Talon Millwork, Beamsville, Ont.

talon 2Done right, every time

If you’re an architectural millworker, this has already happened to you. You got underbid on an important job — a school, a clinic or an office — only to be called months later because your competitor has not completed the job as agreed. Plywood has been replaced with particle board, agreed-upon hardware replaced with cheap substitutes and specified jointure has been downgraded and covered up.

talon 1In most cases, these discoveries have come to light with no time left for correction. The school or restaurant is about to open, machinery or appliances have been installed and your should-have-been client is angry. Very angry.
According to Dylan Kinch, owner of Beamsville, Ont.,-based Talon Millwork, the client by this time is not interested in the money. He already knows he should have gone with you in the first place, and he knows it’s going to cost. The problem is, there is much to fix and no time, with customer satisfaction hanging in the balance.
For Kinch, the absence of quality millwork was not something he ran into after he started in business. It was the reason he is there.
Kinch’s father was a contractor in southern Ontario during the ‘80s, and was involved in building for the Kelsey’s restaurant chain. However, it was not long until he discovered he was not getting the quality of millwork he was contracting for. He was discovering the downgrades in hidden places, such as in the knee walls.
On a suggestion from his father in 1987, Kinch started Talon in a two-car garage in Hamilton, which he soon outgrew and landed in his 9,500 square-foot facility in Beamsville, currently with 11 employees.
When you are marketing quality, you need to walk the way you talk, so Kinch has found himself focusing mainly on using domestic product, and selling mainly into the domestic market. He feels this strategy, by luck, saved Talon from much of the pressure applied to other Canadian wood industry sectors by the recent recession.
With a bit more luck, says Kinch, they found some government money that helped ease the pinch during the recession, and they did not have to lay off any employees. According to Kinch, his shop has a very low turnover, having recently lost only one employee, and that was to retirement. Kinch has experience in trying to find and hold good workers. “It’s hard to find a true cabinetmaker,” he says.
Situated in Ontario’s Golden Horseshoe area around the west end of Lake Ontario, Kinch finds the labour rate another obstacle to labour relations for several reasons. “For one,” Kinch says, “we are in the bid process. If our bid is higher than the next, we lose, and we can’t pay union labour $24 to $26 per hour.”
Another reason labour is a problem is the “one-man band.” According to Kinch, it is all too common across Canada for people to have a bit of property and a barn out back, so they get into architectural millwork, underbidding jobs and creating the problems described above. “I lose $25,000 to $30,000 a year to part-timers,” Kinch says. “If Blum slides cost $12 and Chinese slides cost $4, and if there are 5,000 slides in a hospital, you can see what happens to a bidder that sticks with the specs.”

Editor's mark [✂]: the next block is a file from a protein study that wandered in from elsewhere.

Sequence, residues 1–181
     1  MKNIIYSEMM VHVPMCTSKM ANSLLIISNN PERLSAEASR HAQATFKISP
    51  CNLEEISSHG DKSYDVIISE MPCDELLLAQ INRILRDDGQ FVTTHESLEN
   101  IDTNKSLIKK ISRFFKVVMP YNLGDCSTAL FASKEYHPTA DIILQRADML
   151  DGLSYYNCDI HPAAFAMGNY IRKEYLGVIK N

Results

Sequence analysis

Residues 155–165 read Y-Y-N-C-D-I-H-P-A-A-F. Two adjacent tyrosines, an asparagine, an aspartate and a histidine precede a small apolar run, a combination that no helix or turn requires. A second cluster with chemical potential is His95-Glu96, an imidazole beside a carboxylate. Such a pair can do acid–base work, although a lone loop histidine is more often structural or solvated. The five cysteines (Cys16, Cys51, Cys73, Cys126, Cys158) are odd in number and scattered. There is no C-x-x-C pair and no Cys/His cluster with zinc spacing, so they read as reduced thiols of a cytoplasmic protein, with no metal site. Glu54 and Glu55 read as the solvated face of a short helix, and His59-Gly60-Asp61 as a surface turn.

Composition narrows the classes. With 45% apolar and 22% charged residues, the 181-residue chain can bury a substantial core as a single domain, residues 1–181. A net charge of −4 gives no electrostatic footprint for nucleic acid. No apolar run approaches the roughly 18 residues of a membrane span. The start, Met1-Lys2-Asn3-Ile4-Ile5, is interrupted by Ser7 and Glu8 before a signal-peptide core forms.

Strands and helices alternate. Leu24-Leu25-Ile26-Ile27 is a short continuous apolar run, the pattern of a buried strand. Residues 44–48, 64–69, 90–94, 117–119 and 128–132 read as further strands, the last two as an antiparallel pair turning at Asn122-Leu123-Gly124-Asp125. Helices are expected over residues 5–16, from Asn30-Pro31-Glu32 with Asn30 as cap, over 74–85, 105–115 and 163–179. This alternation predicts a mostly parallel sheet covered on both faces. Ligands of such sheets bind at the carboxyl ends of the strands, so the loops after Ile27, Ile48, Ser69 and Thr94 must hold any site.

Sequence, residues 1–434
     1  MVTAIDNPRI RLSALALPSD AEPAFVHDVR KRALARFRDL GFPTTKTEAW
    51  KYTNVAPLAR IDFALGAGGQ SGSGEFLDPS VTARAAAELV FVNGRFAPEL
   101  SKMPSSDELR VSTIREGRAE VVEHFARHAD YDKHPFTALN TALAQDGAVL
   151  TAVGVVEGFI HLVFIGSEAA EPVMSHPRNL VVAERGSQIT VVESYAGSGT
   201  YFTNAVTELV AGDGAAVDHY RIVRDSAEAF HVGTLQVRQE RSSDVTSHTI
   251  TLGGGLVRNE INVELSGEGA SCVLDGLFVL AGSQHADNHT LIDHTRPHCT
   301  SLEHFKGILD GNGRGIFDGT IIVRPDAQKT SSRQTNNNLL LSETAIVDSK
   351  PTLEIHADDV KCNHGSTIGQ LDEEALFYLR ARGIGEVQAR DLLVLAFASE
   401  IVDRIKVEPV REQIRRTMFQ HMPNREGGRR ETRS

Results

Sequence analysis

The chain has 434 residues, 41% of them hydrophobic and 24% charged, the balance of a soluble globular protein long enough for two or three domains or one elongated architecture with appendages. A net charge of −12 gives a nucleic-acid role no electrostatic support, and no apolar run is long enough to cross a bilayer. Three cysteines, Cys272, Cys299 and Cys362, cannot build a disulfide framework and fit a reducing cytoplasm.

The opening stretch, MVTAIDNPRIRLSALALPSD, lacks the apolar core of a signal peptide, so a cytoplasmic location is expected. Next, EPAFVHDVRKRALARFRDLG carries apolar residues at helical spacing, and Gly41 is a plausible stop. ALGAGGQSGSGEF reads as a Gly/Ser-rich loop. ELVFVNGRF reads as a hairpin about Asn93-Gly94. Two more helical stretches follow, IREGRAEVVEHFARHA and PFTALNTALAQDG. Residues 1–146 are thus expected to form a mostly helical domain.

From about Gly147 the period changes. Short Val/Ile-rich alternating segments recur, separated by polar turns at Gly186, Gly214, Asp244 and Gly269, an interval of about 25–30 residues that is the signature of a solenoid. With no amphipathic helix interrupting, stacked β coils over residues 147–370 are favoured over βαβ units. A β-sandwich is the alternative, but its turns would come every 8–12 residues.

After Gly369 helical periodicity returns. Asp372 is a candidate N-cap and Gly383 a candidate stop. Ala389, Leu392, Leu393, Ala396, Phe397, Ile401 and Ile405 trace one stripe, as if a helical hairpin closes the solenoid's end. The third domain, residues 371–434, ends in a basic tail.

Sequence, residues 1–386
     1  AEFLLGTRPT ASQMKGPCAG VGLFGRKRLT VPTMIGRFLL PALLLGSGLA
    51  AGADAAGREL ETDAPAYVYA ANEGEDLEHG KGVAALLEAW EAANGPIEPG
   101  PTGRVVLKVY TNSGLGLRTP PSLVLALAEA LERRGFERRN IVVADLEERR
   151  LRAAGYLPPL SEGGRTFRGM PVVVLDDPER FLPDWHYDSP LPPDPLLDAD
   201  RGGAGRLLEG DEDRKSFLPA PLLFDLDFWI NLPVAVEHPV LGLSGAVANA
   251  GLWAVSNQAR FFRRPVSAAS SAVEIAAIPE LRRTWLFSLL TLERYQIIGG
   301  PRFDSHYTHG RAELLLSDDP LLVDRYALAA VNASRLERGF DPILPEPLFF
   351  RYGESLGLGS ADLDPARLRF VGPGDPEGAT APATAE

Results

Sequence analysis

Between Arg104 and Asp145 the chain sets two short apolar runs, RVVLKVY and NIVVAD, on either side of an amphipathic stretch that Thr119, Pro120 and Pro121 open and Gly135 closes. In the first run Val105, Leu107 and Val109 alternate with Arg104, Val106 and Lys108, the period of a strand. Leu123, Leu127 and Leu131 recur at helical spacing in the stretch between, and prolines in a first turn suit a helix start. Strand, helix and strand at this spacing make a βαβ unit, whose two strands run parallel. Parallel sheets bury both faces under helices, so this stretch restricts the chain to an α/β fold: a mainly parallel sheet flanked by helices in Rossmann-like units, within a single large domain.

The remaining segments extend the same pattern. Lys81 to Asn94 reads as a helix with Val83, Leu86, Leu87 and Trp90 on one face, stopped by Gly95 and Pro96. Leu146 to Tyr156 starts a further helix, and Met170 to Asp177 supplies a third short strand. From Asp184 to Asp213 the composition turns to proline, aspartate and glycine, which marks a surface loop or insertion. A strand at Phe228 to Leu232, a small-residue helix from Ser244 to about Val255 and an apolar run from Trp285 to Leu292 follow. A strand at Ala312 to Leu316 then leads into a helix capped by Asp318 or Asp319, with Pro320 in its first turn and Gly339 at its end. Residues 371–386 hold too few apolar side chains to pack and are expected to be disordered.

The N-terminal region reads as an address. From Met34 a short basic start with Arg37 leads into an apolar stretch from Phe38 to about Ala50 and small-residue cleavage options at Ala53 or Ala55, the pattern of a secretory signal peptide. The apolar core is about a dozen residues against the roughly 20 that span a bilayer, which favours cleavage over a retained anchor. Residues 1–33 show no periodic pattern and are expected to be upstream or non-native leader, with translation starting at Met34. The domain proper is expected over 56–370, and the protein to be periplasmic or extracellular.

In pursuit of answers, Kinch found himself six years ago at a meeting of the Architectural Woodwork Manufacturers Association of Canada. He was finding that nothing was defined in the bidding process. “Everyone quotes the (Architectural Woodwork Standards) manual,” Kinch says, “but they don’t know there is an association that goes with it. Nothing was being defined in the bidding and there was frustration with the bidding process.”
Kinch soon found out what happens in associations when you raise your hand for input, and in a year he found himself on the board. Now, after five years of intensive work and meetings, he has found himself in the president’s chair.
He is also the first to say there is little glory in sitting there. In fact, he is the strike point for complaints against the industry. According to Kinch, “Architects say this industry is the one they have the most headaches with.”
According to Kinch, having standards is not sufficient. You need to use them, understand them and enforce them. You also have to abide by them, so when you are working off architectural drawings and you see plywood specified, you can’t cheat. “Being a member of AWMAC is more expensive,” he says.
In addition to his association work, Kinch is teaching two nights a week at Niagara College, and he is hoping Niagara and other schools will soon start helping Canada’s woodworkers find quality workers.
Niagara, especially, will bear some watching, says Kinch. It opened up a cabinet shop last year, and is putting up a new building, strictly for cabinetmakers.
While Kinch is optimistic about the success of the Niagara program, he also cautions that simply having a certificate will soon not be enough. “Just going to get a certificate from the cabinet programs does not guarantee an increase in pay,” Kinch says. “It’s a gateway to experience, and experience creates the career.”


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